It’s time to get your Irish up
Letter to the Editor | Tuesday, March 28, 2006
Alas, it had to happen. The one Irishman without a sense of humor crawled out of his personal bog of self-regard and registered his disapproval of an athletic mascot. How noble, how original.
Well, let me establish my bona fides too: I am Irish-American, a citizen of this great country and Ireland, by virtue of my parents’ birth. Growing up in Brooklyn as a child of the urban working class, I can state to the supercilious Richards that the moniker “Fighting Irish” represents more than a slur. It represents a measure of pride in what William Butler Yeats called the “indomitable Irishry.”
It also represents the survival of a people who were relegated to the dustbin of history by their colonial masters. And finally, it represents an ironical appreciation of the role history forced upon us.
When G.K. Chesterton wrote his masterful aesthetic biography of George Bernard Shaw he attributed certain characteristics to Mr. Shaw that proved his status as an Irishman. Indeed, Shaw was a friend of Chesterton and reveled in the portrait. One of these characteristics was a ferocity of intention and a clarity of result. As the great Gilbert Keith wrote:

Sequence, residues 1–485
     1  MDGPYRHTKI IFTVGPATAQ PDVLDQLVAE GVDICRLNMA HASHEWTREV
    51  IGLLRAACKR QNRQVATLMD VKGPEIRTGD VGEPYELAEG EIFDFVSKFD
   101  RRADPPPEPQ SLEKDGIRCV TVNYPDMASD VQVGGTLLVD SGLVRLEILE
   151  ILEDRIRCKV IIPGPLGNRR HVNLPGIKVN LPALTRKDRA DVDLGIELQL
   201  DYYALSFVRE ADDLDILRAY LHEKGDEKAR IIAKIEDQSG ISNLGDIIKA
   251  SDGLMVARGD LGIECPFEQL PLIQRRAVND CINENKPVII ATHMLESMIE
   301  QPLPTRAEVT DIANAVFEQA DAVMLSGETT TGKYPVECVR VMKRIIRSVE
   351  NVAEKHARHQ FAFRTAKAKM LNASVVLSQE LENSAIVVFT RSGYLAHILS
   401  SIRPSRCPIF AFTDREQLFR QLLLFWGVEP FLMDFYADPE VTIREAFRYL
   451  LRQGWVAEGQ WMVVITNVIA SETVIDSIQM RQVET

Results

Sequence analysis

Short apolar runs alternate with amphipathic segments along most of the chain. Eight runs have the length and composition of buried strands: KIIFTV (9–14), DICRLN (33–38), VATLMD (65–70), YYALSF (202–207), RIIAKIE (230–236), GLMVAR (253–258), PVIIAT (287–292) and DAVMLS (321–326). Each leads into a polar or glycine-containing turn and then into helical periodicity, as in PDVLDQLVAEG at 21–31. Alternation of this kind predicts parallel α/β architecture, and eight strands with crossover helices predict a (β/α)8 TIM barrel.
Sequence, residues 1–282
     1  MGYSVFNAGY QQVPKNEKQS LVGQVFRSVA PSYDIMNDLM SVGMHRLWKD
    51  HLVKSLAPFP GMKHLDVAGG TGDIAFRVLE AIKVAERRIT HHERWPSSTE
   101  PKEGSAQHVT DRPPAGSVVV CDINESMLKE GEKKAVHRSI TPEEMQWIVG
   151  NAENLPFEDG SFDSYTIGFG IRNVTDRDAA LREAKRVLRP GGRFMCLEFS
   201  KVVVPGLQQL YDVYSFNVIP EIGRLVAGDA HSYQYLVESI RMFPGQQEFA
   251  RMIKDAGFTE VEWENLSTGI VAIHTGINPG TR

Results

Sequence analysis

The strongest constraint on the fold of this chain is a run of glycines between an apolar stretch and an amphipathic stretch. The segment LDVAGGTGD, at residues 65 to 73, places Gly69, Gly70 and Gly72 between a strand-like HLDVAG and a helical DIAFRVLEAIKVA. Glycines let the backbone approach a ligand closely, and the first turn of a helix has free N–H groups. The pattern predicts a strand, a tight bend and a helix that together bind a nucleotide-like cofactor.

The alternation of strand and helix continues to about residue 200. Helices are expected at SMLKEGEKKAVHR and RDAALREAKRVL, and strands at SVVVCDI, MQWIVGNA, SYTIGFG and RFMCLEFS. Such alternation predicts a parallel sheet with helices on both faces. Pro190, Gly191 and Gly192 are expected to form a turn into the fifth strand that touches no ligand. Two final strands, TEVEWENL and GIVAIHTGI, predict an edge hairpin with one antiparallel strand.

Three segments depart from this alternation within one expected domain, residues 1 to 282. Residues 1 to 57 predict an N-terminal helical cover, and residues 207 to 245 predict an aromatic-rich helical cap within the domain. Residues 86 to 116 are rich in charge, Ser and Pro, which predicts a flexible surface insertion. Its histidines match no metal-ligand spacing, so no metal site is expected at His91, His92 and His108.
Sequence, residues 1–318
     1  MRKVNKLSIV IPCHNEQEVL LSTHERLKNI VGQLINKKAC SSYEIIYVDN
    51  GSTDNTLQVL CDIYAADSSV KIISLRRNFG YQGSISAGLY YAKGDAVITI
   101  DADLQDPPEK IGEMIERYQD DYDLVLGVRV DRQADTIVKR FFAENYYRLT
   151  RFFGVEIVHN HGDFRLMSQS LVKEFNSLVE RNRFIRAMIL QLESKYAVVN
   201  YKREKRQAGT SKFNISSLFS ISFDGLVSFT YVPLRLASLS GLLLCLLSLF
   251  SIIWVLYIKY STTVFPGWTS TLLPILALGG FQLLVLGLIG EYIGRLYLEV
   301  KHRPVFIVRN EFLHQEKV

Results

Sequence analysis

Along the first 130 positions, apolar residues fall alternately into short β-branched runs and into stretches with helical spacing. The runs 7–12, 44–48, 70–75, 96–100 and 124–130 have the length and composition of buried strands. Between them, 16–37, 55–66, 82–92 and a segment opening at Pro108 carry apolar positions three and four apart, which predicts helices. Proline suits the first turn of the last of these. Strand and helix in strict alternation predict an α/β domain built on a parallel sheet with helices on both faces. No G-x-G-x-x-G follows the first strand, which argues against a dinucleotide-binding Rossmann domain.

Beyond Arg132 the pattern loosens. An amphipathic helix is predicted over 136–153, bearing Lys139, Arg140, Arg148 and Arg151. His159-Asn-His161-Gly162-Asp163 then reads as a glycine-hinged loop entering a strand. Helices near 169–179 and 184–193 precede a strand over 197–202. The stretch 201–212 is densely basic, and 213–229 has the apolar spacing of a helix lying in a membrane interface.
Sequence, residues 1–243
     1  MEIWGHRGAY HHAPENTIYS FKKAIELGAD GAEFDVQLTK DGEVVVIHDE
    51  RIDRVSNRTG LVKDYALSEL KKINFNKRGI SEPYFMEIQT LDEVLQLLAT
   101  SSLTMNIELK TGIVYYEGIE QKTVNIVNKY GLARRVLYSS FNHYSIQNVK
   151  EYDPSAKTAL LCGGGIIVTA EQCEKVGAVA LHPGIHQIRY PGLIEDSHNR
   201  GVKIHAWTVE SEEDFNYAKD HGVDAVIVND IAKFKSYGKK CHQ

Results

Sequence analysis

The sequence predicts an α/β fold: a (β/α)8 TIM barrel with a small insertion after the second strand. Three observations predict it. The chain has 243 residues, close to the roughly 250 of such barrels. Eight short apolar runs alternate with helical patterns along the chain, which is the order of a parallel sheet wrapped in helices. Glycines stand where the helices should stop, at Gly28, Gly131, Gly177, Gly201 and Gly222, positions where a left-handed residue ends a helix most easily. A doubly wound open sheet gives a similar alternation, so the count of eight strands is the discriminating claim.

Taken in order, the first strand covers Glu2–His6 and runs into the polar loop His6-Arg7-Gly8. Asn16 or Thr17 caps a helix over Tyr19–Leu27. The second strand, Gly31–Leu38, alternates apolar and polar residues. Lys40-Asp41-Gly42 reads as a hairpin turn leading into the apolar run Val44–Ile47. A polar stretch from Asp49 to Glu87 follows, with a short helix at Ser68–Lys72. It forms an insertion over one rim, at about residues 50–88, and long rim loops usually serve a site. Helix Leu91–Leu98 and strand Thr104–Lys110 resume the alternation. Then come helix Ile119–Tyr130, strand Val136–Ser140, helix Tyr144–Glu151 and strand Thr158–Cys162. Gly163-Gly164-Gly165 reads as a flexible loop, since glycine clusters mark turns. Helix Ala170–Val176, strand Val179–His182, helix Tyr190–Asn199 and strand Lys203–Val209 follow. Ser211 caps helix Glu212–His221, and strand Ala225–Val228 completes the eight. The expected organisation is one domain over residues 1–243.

“This is probably why the Irishman succeeds in such professions as require a certain crystalline realism, especially about results. Such professions are the soldier and the lawyer; these give ample opportunity for crimes, but not much for mere illusions. If you have composed a bad opera you may persuade yourself that it is a good one; if you have carved a bad statue you can think yourself better than Michelangelo. But if you have lost a battle you cannot believe you have won it; if your client is hanged you cannot pretend that you got him off.”
So, Richards, earn your kudos elsewhere. You do not understand what it means to be Irish. I rest confident in the knowledge that if this letter upsets you, then I have proven my point.
Michael Ryanclass of 1975March 24